Wednesday, August 15, 2007
Grim Natwick - Drawings and Ideas are part of what animation is
Marc Deckter put up a really good post about Grim Natwick.
DUCK WALK: GRIM NATWICK'S DANCING WAITER
This is animation from 1930-before there were any "rules" about how to animate. They didn't know much about squash and stretch, overlapping action, maintaining volumes, smeared inbetweens, cushions, secondary actions, etc...It isn't super smooth like Disney became a few years later.
But it has something that much "polished" animation that uses all the principles sometimes neglects.
Drawings and motions that are fun and funny.
In the early days, animators thought in terms of entertainment first. How funny can I make my walks and dances and dialogue?
Grim did his best stuff before he was swayed by the mass hypnosis that Disney cast over the whole industry in the late 30s.
Once animation got "smoother" and had weight and all these other abstract properties, many animators started losing track of what cartoons were all about in the first place.
I personally believe in knowing all the fundamental principles of animation, but I don't think that is enough to make entertainment.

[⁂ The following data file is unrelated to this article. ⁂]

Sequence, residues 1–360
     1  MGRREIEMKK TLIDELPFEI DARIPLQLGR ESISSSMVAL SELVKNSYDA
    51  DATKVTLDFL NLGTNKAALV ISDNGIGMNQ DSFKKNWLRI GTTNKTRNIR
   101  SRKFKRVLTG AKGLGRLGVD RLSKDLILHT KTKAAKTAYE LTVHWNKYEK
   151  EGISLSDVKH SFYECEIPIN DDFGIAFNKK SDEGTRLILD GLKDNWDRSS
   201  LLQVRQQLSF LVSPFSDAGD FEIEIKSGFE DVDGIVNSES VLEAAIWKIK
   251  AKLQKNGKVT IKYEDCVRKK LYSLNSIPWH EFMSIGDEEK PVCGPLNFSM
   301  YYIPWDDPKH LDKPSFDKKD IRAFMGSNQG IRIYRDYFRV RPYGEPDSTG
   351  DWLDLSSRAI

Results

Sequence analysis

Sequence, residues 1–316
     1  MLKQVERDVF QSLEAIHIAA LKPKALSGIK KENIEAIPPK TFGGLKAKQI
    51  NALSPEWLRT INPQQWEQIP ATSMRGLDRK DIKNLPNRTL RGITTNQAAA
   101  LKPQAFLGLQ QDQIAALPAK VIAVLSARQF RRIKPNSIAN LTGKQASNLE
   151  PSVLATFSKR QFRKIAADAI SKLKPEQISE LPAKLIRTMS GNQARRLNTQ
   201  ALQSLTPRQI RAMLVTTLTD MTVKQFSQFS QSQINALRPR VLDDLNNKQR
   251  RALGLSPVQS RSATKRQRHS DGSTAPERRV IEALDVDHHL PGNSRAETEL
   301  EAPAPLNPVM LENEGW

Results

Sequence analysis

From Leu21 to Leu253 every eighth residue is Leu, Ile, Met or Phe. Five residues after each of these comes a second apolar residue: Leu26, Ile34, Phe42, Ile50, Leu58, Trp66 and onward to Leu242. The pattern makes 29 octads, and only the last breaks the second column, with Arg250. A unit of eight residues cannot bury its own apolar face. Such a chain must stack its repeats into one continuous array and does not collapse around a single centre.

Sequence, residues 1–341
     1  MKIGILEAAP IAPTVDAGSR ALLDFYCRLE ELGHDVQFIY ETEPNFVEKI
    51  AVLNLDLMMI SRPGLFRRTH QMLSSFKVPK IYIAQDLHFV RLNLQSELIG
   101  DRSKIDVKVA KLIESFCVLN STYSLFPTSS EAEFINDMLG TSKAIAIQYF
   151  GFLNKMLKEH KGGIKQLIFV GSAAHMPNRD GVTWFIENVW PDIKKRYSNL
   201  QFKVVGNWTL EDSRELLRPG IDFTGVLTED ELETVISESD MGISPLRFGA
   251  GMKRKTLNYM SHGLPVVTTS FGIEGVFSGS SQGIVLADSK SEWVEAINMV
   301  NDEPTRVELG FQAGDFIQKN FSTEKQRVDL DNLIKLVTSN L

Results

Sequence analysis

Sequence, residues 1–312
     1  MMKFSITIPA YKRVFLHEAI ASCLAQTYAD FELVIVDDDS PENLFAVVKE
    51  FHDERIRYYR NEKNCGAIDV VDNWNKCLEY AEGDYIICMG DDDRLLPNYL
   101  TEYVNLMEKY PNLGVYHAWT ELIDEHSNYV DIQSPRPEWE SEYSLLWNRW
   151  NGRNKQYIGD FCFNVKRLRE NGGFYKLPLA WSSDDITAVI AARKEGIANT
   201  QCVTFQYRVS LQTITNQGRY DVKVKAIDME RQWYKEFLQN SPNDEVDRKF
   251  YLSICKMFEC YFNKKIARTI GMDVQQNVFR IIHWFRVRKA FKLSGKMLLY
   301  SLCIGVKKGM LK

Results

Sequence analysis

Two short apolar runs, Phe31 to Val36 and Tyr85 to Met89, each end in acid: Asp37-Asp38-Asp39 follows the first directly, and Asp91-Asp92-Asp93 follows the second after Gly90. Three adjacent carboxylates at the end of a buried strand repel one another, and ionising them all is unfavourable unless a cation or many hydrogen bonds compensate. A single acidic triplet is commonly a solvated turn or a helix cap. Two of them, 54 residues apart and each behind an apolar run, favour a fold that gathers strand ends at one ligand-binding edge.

Smooth movement isn't entertaining by itself. It's impressive, but not as impressive to me as fun drawings and actions and ideas moving. The principles of animation should be in service of the drawings and entertainment, it shouldn't be an end in itself.
Here is a clip from Cats Don't Dance. The movement is great for sure, but what is being animated is just standard drawings that we've seen a million times before.
It's a polished version of Tiny Toons designs and poses with some Don Bluth thrown in.
Don't get me wrong, I think these animators are hugely talented and would love to be able to work with a great crew like this and have a similar budget to make a fully animated movie.
I just lament that the business uses such strong talent to do the same stuff over and over again. -and to make each animator basically design, draw and move things the same way.
Here's Betty and Bimbo in an unprincipled highly imaginative and entertaining cartoon: